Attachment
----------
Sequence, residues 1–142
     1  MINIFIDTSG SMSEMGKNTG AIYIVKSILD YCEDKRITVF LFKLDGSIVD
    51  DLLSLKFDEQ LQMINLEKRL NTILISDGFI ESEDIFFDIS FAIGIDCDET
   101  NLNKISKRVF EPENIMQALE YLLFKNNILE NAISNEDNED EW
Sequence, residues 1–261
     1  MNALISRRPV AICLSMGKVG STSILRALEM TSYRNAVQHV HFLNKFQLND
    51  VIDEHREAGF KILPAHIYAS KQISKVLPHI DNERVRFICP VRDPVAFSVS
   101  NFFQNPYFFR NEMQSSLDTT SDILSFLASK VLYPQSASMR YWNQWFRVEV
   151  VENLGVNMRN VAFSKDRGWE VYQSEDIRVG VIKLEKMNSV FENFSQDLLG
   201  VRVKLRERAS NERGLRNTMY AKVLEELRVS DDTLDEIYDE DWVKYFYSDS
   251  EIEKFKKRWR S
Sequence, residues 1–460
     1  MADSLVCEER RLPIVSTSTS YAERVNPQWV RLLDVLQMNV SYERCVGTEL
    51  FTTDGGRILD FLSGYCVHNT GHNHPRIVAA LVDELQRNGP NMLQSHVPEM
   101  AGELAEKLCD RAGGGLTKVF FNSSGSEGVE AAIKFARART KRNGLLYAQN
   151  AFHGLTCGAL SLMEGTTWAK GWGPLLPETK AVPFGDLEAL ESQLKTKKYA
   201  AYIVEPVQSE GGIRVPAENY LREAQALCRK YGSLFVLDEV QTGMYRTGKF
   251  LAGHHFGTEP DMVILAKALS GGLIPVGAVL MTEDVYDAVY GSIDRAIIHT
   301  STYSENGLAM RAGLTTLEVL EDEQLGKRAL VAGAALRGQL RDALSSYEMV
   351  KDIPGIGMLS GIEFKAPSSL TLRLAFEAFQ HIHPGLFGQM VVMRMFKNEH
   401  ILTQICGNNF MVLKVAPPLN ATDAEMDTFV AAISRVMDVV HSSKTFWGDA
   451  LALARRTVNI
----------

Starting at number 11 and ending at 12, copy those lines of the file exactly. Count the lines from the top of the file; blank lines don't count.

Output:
   251  EIEKFKKRWR S
Sequence, residues 1–460